It’s Time to Be Drought Intolerant
California is in a drought fever. Judging by the plethora of billboards, store ads and news articles popping up lately, the only way to break this fever is for average Californians to make sacrifices. The messages all suggest replacing grassy lawns with low-water plants, taking shorter showers and shunning the water-guzzling almond.
These efforts are noble, and they do get people to think about water as a valuable resource that shouldn’t be squandered. (The Bay Area, especially, is getting into the drought-tolerant plant craze, as reported recently in this Earthjustice blog.)
But with every shower skipped by a Californian, the agricultural industry breathes a huge sigh of relief. That’s because these “Little Things Californians Are Doing To Conserve During the Drought,” as one HuffPo article recently stated, are just that—little things. Meanwhile, California agriculture uses about 80 percent of the state’s developed water supply, so little fixes meted out by individuals are mere drops in the bucket when it comes to alleviating the drought-stricken state.
Worse, when Californians like me spend all of our extra energy engaging in heated debates with our housemates about whether to flush the toilet or “let it mellow,” the opportunity to significantly affect our state’s fate goes down the drain.
So how does one individual solve the drought? It’s a bit of a trick question because one phone call or letter written about this issue feels as useful as planting that pretty succulent in your garden. But what if we all wrote letters or called our representatives to demand real, long-term drought solutions? Collective action like that is the heart of democracy, and though it’s not as enticing as a plant shopping spree, it forces our representatives to think beyond quick fixes and seriously reconsider how we allocate water.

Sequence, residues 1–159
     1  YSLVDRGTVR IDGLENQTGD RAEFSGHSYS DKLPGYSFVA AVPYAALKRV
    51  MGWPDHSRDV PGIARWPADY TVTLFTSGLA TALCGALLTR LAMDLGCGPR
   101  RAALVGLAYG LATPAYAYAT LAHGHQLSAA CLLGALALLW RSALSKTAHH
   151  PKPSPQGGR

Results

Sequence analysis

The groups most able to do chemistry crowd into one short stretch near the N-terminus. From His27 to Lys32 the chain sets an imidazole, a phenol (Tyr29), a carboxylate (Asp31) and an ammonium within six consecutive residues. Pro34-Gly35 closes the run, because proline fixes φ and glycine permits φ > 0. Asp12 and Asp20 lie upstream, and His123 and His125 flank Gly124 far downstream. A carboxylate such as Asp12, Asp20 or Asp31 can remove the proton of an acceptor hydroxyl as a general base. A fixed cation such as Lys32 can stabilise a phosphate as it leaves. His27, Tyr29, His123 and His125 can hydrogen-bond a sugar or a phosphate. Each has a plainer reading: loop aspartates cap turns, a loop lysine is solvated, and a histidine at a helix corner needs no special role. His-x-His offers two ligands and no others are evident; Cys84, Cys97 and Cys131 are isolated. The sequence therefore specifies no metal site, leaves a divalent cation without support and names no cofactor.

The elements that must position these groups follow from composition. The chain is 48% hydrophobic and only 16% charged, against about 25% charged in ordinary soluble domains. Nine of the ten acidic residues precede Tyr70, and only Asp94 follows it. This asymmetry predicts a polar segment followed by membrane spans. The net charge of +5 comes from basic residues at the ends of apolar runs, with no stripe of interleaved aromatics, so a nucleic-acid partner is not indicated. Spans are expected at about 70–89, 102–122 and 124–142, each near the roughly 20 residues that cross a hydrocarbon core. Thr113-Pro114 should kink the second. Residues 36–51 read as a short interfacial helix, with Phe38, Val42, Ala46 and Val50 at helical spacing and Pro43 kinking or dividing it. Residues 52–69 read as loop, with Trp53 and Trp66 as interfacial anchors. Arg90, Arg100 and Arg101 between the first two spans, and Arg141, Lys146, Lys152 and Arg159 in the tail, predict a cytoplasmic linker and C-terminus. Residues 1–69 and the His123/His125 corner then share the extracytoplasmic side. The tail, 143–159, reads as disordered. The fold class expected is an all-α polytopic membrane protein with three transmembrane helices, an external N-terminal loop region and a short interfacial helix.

For starters, we need to stop irrigating certain areas of the southern San Joaquin Valley. Farmers there have abandoned their fields because decades of irrigation have brought to the surface chemicals like selenium and arsenic, making the soil toxic. Yet Gov. Brown recently proposed building two giant water tunnels beneath the Sacramento-San Joaquin delta that will “deepen the ecological mess” by guaranteeing more water from northern California is poured on the toxic land. (Read more about why the tunnels are a bad idea.)
We also need to stop growing water-intensive crops in arid landscapes, period. Water is a scarce resource in California, and it should be allocated as such. Almonds have been sliced and diced repeatedly by the media lately for their water-intensive ways. But depleting the state’s desert aquifers to grow hay and corn to fatten cows also makes little sense, especially when you can raise cows in plenty of non-arid places, as this Slate article points out.
Of course, California’s Big Ag industry hates these solutions because it impacts their bottom line. That’s probably why Gov. Brown shifted the focus off the industry and towards individual Californians. His administration has created billboard slogans like “Let it go” or “Turn it off,” urging taxpayers to let their lawns fade to gold.
The good news is that this water-saving campaign is working: residential water use dropped by 29 percent in May. Individuals have answered the call to make sacrifices when it comes to water; now it’s time for the agricultural industry to do the same.
About this series
Thirsty Thursdays is a weekly blog series exploring the historic drought in the western United States. In the ongoing series, we’ll share expert opinions, breaking news, compelling articles and the work Earthjustice is doing to protect water resources in a time of extreme water scarcity.
Don't miss last week's post: "Who Gets the Water and Who Gets Hung Out to Dry?"